Monday, March 4, 2013

Another World, Another Place - The Truth About Life in Saudi Arabia

Each time I’ve traveled, I always try to tell myself this one fact that always rings true:This is not America. It helps me to deal with the change that is inevitable. However, it does not cover up the vast differences that are experienced. I have been living in Saudi Arabia for 9 months now-and I feel like this is an accomplishment of endurance, strength and willpower! Other Americans here have told me that if you can make it through one year, than you’ll be able to stay for many! Now, I understand that statement and I would encourage any new expats to make and reach the goal of staying one full year (at the least).

However, in order to“make it” or survive, there are a few things that need to be considered.
1.    The Culture-The cordial way to greet someone that you know is with a hug and a kiss on each cheek. In fact, yesterday, I saw two older men doing this back and forth and I heard about 8 kiss sounds!

2.    The Friendliness-It is very common to see two men or boys walking along and holding hands. It is an action of friendship and should not be confused with what this action would mean in the US.

3.    Men’s Clothing- There are many foreigners living in Saudi Arabia, therefore there is a wide variety to be seen. Many men wear loose fitting thobes, which is like a long white button up shirt, that goes to the ankle.

4.    Women’s Clothing- Women are required to wear an abaya. They can be purchased in the airport if you arrive without one. The average price for a simple abaya is around $40.Most are black, but they also come in navy, dark brown, gray and burgundy. I’ve even seen some nice denim abaya’s too. Some have lace, colored fabric added, and even jewels. The head scarf is not required to wear out in public, unless you are in Riyadh, which is a more conservative city. I like wearing the abaya. It keeps me from figuring out what to wear or iron. When on a compound, though, an abaya does not have to be worn.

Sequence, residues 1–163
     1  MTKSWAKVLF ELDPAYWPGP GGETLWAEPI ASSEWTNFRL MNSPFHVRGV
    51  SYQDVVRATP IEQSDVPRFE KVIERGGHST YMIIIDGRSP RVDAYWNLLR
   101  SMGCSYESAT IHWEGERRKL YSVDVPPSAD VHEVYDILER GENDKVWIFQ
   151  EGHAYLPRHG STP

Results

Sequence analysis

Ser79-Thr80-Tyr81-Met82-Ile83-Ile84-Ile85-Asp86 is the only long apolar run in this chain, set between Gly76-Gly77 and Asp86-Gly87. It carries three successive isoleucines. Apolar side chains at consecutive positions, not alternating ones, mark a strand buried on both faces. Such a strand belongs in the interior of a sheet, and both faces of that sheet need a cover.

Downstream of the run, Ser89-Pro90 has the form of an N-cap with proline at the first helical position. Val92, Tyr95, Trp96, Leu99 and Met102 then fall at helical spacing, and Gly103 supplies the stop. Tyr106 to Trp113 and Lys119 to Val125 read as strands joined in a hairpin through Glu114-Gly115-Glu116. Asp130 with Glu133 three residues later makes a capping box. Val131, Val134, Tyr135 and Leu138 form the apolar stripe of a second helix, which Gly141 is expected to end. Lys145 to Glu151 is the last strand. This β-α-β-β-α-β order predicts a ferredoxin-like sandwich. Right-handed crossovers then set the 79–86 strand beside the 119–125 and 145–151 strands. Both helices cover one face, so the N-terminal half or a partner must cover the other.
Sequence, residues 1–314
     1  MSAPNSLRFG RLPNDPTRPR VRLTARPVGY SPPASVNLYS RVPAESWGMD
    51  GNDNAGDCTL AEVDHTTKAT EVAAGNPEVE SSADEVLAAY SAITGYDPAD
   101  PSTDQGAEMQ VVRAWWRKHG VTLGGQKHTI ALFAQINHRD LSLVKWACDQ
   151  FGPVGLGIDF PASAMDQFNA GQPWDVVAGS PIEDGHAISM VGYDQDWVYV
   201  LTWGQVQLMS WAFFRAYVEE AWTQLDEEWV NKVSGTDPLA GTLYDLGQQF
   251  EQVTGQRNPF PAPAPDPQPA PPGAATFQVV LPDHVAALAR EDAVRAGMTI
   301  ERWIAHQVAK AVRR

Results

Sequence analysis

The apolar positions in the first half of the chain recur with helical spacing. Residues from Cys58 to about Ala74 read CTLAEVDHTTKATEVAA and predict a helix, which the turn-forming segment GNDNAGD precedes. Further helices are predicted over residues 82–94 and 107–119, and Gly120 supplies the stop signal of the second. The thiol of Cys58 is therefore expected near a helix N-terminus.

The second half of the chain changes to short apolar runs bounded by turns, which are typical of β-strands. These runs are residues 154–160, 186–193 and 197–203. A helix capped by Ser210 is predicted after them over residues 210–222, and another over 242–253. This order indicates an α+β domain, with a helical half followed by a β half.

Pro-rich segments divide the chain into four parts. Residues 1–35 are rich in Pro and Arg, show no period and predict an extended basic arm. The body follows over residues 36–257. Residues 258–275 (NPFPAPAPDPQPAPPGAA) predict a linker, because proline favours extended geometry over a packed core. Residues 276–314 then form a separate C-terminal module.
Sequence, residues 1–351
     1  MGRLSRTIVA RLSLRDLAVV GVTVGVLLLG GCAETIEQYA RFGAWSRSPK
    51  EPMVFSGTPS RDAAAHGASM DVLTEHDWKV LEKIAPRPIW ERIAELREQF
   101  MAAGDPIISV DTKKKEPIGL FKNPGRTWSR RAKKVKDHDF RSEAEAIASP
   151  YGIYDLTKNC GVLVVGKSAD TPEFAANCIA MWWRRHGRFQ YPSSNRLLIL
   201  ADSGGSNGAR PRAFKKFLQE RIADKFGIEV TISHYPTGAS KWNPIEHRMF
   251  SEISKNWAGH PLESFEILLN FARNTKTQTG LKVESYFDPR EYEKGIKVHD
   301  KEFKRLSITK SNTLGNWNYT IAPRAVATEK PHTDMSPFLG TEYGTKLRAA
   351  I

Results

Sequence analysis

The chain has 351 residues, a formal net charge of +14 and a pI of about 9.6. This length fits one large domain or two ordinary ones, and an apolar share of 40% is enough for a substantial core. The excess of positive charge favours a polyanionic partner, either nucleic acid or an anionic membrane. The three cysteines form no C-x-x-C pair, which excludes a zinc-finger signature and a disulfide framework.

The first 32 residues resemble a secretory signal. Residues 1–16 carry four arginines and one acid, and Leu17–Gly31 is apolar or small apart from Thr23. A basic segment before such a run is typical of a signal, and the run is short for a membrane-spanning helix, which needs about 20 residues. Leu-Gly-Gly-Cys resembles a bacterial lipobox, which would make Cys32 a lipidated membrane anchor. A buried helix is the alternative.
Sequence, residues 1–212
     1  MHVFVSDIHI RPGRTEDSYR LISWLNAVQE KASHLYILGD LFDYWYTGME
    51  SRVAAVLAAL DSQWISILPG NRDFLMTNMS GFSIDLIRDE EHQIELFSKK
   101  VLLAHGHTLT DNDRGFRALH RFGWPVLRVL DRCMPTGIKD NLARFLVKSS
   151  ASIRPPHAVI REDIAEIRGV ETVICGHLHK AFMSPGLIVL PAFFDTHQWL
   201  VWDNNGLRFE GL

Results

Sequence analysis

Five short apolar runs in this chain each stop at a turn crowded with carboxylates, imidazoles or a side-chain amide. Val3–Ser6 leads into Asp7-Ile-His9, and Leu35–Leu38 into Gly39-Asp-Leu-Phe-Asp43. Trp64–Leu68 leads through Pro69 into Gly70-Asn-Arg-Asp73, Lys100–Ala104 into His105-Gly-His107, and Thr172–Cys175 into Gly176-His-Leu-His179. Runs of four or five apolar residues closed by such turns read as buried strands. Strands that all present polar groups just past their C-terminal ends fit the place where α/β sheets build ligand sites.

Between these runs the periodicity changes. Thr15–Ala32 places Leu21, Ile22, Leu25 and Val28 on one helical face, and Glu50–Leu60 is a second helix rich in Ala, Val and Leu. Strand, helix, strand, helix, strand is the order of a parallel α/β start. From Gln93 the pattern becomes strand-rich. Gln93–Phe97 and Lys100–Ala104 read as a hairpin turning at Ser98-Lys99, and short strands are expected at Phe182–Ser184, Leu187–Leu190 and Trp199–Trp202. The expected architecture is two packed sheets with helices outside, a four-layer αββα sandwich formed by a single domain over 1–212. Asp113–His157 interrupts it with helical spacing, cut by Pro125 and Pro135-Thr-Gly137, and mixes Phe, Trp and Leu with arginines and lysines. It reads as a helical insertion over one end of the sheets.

5.    The Internet- Most things that you access in the US can be accessed in KSA. Facebook,YouTube and Twitter are widely used here.

6.    Shopping- No dressing rooms for women exist in any clothing stores-at all. Gap has a men’s dressing room, but they are not allowed to let women try on clothes in it. Many just buy their clothes, take it home and try it on and if it doesn’t fit-return it. The return/exchange policy is also different from store to store.
7.    Celebrations -Stores are not decorated for Christmas. Saudi National Day, Eid and Ramadan are the only national events/holidays that take place.

8.    Restrooms- Each toilet comes equipped with a water spraying hose (for your bottom). As a result, the floors get slippery! Some public places have toilet paper or tissue, other do not.

9.    Medication -You can get antibiotics, such as Zithromax and amoxil without a prescription. Pharmacies are plentiful in Jeddah and most of the pharmacists speak English.

10. Transportation- Wear your seat belt and hold on for dear life, if you are the passenger. Women aren’t allowed to get a driver’s license or drive in Saudi Arabia-ever. Their husband, father, brother, son or driver will drive them from place to place.

11. Opening Hours- Sometimes stores are open, sometimes they are not. It depends on the shop owners mood. The hours vary depending on prayer time. Luckily, there is an app for that. It's called  “Athan” and it tells you when  the prayer times are for each day. Right before and during prayer time, every store and eatery closes. The shades are pulled down over the windows and the doors are locked.  

12.  Prayer Times- 5 times a day you will hear a “call to prayer” which is in Arabic and spread from each speaker at each mosque. If you are outside anywhere during the call,you will hear it. Sometimes prayers from 3-4 mosque’s can be heard at one time and it sounds like a chorus.

13. Meat– Many places mix up lamb and beef and just call it meat. Lucily if you want to buy fresh beef, to cook on your own, you can go to Danube, Panda or Manuel and ask specifically for Brazilian Beef. Unfortunately, there is no Wal-Mart or Target here. You will be buying in kilo, not pounds. So, if you want a pound, ask for 1 kilo and that should be about right.

14. Tea - Even when its 100 degrees outside, hot tea will be served and enjoyed by many.

15.  Living Conditions- Life on a compound, apartment or villa each entail different experiences of living. Most apartments do not have a pool or communal area with washer dryer,etc… Many apartments do not come with cabinets in the kitchen and most do not have built in closets.

16. The Visa Process (before, during, after) is unlike any other country. It is extremely slow and leaves you feeling anxious. Things can go wrong in the process and things can go right. There are tons of blogs and website that offer visa and iqama (residence/work permit) advice and support.

Well, that is all I can think of now. Thanks for reading! -Andrea

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